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20 Feb 2009 16:12
European Central Bank President Jean-Claude Trichet said on Friday that the financial markets are experiencing an “ongoing correction” and declined to put a timetable on when the crisis might abate.
“It’s an ongoing correction,” he told journalists of the European American Press Club in Paris. “We have to be very cautious in qualifying the duration.”
Trichet said the crisis is the first major test of the globalised economy and has showed that “everything must change”.
“The whole system has showed itself to be too fragile and not resistant enough,” he said.
“We have to construct, patiently and without a quick fix, a global market system” that is resistant to shocks and fluctuations, he said.
He warned against searching for a scapegoat because he said they are everywhere.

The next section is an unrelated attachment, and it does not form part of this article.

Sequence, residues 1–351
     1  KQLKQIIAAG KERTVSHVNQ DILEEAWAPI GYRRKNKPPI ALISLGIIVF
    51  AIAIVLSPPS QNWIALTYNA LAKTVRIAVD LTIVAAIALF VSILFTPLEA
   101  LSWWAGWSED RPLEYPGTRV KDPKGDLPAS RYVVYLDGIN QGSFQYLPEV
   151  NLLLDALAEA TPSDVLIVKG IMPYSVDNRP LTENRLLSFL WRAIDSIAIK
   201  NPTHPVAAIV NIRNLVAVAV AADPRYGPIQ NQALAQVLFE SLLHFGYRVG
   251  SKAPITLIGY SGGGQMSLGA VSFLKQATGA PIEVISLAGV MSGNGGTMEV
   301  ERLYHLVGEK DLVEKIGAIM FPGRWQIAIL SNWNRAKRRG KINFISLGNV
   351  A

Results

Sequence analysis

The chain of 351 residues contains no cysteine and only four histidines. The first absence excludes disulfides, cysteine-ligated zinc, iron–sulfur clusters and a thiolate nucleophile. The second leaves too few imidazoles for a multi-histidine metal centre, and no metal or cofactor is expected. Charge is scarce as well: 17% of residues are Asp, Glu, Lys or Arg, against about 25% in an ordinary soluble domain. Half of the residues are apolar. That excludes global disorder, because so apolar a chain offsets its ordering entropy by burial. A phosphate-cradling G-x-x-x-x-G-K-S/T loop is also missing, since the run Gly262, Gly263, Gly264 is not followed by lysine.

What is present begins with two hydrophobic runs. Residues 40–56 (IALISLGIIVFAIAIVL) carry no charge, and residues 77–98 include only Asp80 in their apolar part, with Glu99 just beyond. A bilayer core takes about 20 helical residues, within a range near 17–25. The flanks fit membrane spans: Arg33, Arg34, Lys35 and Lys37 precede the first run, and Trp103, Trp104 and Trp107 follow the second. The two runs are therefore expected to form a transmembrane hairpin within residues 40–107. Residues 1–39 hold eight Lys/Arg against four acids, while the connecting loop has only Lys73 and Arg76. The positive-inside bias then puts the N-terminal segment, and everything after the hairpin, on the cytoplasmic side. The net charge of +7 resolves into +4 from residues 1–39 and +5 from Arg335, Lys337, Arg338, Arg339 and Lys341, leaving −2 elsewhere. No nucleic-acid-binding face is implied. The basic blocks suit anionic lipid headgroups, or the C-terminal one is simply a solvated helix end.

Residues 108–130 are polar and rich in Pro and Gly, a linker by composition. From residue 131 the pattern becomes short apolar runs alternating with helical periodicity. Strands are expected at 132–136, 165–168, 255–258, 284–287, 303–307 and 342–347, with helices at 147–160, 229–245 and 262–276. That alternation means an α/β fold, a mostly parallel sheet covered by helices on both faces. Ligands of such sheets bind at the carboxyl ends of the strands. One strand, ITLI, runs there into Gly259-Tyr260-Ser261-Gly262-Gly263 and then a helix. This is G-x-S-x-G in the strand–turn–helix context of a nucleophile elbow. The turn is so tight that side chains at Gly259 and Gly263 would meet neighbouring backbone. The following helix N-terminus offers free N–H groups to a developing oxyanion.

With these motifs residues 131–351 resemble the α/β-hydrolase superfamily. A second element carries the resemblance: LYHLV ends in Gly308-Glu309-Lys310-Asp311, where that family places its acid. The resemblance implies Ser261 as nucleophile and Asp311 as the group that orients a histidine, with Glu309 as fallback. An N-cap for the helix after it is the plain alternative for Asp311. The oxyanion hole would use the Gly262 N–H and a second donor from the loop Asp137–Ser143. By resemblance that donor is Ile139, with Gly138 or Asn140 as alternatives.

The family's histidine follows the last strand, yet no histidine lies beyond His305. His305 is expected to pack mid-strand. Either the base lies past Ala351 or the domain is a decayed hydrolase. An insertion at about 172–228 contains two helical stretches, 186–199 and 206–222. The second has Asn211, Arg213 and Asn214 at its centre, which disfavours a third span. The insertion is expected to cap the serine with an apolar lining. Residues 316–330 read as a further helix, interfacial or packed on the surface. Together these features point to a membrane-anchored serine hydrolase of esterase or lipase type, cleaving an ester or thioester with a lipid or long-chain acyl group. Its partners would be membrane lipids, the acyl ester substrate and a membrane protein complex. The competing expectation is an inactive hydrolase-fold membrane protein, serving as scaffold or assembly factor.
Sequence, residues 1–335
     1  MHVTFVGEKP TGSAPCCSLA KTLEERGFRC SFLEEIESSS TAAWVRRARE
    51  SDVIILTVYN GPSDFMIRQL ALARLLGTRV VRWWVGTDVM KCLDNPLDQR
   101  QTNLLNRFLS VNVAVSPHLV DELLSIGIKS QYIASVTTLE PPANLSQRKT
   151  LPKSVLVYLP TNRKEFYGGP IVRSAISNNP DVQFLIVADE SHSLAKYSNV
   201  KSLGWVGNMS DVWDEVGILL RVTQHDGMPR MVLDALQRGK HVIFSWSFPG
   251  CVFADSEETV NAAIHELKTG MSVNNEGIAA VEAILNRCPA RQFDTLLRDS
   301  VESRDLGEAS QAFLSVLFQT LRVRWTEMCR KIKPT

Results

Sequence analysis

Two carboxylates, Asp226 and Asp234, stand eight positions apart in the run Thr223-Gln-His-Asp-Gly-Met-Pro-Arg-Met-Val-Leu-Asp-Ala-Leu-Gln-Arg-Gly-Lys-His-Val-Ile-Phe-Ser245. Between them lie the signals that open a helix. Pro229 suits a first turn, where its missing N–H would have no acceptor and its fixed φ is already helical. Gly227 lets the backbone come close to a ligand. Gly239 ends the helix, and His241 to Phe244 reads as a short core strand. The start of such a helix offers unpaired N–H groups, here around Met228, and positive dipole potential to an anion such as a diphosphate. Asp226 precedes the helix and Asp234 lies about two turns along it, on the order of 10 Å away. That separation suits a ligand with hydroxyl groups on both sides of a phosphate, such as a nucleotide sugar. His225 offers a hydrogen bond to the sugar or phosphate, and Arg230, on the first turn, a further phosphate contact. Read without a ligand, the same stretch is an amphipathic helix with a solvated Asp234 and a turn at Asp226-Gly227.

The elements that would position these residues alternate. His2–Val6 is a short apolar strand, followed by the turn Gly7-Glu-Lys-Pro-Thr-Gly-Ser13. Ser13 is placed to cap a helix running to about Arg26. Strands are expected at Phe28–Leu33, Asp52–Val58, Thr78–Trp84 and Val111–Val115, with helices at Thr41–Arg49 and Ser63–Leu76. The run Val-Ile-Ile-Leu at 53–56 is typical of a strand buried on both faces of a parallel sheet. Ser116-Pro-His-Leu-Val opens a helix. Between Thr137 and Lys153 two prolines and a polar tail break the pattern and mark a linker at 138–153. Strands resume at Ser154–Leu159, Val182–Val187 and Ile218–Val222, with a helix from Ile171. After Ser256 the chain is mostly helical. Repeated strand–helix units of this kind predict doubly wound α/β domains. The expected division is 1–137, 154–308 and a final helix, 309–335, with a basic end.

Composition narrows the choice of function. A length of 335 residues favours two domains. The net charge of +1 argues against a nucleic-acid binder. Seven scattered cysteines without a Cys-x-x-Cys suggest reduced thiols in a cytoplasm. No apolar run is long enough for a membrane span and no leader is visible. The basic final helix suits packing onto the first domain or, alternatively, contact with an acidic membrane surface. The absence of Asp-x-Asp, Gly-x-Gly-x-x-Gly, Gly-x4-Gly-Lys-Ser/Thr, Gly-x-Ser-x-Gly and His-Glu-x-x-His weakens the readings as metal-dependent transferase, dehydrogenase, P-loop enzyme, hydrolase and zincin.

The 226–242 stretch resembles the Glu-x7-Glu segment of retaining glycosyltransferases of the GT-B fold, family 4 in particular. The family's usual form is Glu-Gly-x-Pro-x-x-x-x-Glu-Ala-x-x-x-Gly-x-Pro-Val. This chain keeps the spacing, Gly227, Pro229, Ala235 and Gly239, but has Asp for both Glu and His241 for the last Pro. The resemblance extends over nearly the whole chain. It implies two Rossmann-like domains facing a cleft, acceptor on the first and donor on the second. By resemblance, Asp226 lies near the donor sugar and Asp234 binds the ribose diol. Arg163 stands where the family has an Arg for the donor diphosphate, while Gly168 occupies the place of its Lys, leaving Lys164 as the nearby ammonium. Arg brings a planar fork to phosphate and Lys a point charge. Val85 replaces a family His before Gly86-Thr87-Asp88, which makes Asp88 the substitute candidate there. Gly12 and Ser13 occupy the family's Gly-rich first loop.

Market actors are having to reassess the quantity and price of risk in the system after “events considered impossible finally were possible”, he said.
Governments should beware of reckless spending, he said, calling for “wiser” macroeconomic policies in the medium and long term.
He said it’s a good thing that the European Commission put six nations—eurozone members Ireland, Greece, Spain, France and Malta plus non-euro member Latvia—on notice by monitoring their excessive deficits.
“The confidence of today rests both on the right measures being taken for today but also on the capacity of decision-makers to show that tomorrow and after tomorrow they will go back to a normal situation,” he said.
Trichet also said that euro zone governments have to run their own budget policies.
“I consider that it is extremely important that each government is fully responsible for its own policies, and of course for its own fiscal policies particularly.”—Sapa-AP
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